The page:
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Minnesota Studies in the Philosophy of Science

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Minnesota Studies in the Philosophy of Science

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Cognitive Models of Science

Ronald Giere

Cognitive Models of Science resulted from a workshop on the implications of the cognitive sciences for the philosophy of science held in October 1989 under the auspices of the Minnesota Center for Philosophy of Science. The workshop’s theme was that the cognitive sciences—identified for the purposes of this project with three disciplinary clusters: artificial intelligence, cognitive psychology, and cognitive neuroscience—have reached sufficient maturity that they are now a valuable resource for philosophers of science who are developing general theories of science as a human activity.

The emergence of cognitive science has by no means escaped the notice of philosophers or philosophers of science. Within the philosophy of science one can detect an emerging specialty, the philosophy of cognitive science, which would be parallel to such specialties as the philosophy of physics or the philosophy of biology. But the reverse is also happening; that is, the cognitive sciences are beginning to have a considerable impact on the content and methods of philosophy, particularly the philosophy of language and the philosophy of mind, but also an epistemology. The underlying hope is that the cognitive sciences might now come to play the sort of role within the philosophy of science that formal logic played for logical empiricism or that the history of science played for the historical school. This development might permit the philosophy of science as a whole finally to move beyond the opposition between “logical” and “historical” approaches that has characterized the field since the 1960s.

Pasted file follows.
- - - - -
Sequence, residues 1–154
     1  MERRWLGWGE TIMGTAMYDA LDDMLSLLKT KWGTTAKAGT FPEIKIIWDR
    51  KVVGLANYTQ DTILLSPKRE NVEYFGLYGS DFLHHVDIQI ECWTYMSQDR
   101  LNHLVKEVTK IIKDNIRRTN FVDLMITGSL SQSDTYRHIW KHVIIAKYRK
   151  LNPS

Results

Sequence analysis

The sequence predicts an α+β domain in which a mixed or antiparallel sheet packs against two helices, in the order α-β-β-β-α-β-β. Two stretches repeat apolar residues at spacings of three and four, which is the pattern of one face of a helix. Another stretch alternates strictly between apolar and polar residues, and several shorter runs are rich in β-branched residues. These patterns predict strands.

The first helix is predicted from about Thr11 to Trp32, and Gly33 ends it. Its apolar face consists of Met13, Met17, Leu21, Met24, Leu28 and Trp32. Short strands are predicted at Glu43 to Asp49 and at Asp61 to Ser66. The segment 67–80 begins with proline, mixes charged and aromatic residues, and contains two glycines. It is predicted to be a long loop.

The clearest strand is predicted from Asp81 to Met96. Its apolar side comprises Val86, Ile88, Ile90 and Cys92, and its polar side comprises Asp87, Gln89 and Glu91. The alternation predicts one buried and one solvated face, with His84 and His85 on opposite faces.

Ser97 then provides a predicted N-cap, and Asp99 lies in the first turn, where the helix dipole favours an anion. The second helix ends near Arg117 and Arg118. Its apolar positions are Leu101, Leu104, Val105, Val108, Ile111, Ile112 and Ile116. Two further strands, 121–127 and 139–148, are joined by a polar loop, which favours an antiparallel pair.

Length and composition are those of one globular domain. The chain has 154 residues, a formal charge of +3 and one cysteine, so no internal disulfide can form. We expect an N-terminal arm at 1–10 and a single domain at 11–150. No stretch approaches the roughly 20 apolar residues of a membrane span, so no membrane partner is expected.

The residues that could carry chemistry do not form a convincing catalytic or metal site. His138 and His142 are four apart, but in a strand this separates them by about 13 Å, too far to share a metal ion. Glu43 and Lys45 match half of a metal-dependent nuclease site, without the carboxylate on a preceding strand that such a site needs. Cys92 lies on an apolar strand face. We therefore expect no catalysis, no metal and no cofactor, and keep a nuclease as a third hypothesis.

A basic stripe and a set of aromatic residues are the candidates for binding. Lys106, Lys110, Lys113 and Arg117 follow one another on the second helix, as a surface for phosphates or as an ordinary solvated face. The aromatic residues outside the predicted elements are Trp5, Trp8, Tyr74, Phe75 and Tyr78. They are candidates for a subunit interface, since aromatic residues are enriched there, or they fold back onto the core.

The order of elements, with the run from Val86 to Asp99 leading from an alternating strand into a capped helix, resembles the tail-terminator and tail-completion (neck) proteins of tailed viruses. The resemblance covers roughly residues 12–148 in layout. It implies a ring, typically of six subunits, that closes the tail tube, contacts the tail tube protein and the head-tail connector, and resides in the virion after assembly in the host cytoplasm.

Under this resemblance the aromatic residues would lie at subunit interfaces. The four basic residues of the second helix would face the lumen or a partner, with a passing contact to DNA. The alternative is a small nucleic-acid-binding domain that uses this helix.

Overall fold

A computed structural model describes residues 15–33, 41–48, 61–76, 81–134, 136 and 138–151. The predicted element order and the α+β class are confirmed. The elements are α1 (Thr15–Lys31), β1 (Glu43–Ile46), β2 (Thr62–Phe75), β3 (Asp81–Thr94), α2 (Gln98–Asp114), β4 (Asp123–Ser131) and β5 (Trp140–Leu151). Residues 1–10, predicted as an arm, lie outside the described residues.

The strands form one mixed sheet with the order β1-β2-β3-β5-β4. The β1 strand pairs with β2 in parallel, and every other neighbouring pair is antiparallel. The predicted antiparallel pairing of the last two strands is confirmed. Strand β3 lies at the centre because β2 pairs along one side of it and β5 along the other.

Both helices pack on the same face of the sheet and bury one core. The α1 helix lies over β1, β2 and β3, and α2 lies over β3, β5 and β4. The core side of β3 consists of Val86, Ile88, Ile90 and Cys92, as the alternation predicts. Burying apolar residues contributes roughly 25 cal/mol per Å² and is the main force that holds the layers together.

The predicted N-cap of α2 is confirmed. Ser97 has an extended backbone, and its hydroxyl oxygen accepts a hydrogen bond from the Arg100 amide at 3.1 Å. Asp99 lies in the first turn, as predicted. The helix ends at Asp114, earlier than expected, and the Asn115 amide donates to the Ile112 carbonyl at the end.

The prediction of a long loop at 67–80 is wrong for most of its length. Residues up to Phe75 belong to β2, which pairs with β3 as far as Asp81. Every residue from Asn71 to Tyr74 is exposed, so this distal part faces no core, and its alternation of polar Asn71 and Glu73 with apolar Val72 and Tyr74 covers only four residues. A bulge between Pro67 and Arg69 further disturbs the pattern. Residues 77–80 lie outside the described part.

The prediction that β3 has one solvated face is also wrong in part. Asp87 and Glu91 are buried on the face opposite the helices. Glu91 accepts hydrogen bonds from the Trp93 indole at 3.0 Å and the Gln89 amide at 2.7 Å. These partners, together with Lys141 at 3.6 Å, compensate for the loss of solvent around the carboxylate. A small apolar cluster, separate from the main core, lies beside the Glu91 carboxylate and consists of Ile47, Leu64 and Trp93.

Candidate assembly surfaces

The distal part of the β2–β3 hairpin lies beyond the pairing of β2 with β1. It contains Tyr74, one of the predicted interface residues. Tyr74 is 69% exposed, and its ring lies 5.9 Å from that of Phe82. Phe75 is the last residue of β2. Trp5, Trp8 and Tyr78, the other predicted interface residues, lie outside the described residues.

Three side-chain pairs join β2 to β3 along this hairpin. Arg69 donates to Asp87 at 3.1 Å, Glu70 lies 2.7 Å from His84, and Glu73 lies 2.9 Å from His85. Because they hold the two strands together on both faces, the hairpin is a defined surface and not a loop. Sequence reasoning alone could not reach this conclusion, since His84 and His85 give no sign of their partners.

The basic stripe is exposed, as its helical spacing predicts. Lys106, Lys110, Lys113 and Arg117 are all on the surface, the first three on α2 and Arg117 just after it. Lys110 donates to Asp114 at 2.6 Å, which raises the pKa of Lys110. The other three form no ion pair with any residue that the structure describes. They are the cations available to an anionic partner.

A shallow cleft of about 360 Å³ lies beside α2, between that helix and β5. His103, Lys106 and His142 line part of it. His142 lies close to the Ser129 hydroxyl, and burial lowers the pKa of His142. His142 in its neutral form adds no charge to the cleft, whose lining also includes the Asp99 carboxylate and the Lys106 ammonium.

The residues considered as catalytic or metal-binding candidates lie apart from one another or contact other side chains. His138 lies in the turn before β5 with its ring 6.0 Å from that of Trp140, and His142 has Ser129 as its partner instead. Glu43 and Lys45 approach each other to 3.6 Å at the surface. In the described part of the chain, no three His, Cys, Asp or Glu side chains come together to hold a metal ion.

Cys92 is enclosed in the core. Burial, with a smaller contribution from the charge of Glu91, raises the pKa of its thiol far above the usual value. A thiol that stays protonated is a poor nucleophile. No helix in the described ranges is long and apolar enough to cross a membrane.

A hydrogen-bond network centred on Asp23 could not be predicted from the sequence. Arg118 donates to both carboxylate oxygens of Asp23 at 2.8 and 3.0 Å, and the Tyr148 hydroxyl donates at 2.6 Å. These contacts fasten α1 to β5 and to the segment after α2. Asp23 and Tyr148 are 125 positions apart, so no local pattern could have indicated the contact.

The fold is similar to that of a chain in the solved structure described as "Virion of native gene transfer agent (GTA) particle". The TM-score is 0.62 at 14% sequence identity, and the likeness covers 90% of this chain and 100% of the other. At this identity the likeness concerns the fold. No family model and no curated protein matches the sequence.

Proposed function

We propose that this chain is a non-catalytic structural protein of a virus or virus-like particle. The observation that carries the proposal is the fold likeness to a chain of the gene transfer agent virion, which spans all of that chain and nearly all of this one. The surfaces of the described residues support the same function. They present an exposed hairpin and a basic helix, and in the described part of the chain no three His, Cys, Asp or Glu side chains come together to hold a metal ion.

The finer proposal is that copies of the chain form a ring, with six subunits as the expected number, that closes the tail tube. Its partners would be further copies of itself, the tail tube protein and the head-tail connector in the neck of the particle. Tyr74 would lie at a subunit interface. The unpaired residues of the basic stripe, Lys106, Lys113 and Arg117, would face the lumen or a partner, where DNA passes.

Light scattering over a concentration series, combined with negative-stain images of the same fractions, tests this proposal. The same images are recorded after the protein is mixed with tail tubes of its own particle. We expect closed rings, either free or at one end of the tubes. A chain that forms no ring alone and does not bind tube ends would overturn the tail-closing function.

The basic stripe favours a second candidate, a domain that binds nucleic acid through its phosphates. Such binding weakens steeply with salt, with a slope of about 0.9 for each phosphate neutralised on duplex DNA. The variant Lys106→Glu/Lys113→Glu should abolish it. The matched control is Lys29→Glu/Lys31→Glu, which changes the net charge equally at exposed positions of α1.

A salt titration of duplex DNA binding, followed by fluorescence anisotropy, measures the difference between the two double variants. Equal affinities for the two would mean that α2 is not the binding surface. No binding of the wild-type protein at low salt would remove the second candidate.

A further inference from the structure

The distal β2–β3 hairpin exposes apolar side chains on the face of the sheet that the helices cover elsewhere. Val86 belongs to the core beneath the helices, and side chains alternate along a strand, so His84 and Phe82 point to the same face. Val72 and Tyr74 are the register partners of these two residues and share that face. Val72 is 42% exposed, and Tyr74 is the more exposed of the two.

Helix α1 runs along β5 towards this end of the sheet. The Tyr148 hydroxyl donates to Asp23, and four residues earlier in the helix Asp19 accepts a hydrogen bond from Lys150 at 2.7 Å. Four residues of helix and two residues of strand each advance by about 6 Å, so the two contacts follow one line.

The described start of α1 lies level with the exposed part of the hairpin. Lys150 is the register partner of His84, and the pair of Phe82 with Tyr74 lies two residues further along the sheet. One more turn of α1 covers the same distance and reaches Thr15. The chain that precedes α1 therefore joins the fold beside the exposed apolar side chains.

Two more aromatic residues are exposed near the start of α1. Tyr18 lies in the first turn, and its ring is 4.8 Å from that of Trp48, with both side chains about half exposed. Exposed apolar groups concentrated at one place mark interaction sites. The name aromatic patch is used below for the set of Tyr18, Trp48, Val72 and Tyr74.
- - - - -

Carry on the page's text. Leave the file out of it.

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History and Philosophy of Modern Mathematics

Volume XI

William Aspray and Philip Kitcher, Editors

History and Philosophy of Modern Mathematics was first published in 1988. Minnesota Archive Editions uses digital technology to make long-unavailable books once again accessible, and are published unaltered from the original University of Minnesota Press editions.

The fourteen essays in this volume build on the pioneering effort of Garrett Birkhoff, professor of mathematics at Harvard University, who in 1974 organized a conference of mathematicians and historians of modern mathematics to examine how the two disciplines approach the history of mathematics. In History and Philosophy of Modern Mathematics, William Aspray and Philip Kitcher bring together distinguished scholars from mathematics, history, and philosophy to assess the current state of the field. Their essays, which grow out of a 1985 conference at the University of Minnesota, develop the basic premise that mathematical thought needs to be studied from an interdisciplinary perspective.

The opening essays study issues arising within logic and the foundations of mathematics, a traditional area of interest to historians and philosophers. The second section examines issues in the history of mathematics within the framework of established historical periods and questions. Next come case studies that illustrate the power of an interdisciplinary approach to the study of mathematics. The collection closes with a look at mathematics from a sociohistorical perspective, including the way institutions affect what constitutes mathematical knowledge.

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The Language of Nature

Reassessing the Mathematization of Natural Philosophy in the Seventeenth Century

Geoffrey Gorham

Galileo’s dictum that the book of nature “is written in the language of mathematics” is emblematic of the accepted view that the scientific revolution hinged on the conceptual and methodological integration of mathematics and natural philosophy. Although the mathematization of nature is a distinctive and crucial feature of the emergence of modern science in the seventeenth century, this volume shows that it was a far more complex, contested, and context-dependent phenomenon than the received historiography has indicated, and that philosophical controversies about the implications of mathematization cannot be understood in isolation from broader social developments related to the status and practice of mathematics in various commercial, political, and academic institutions.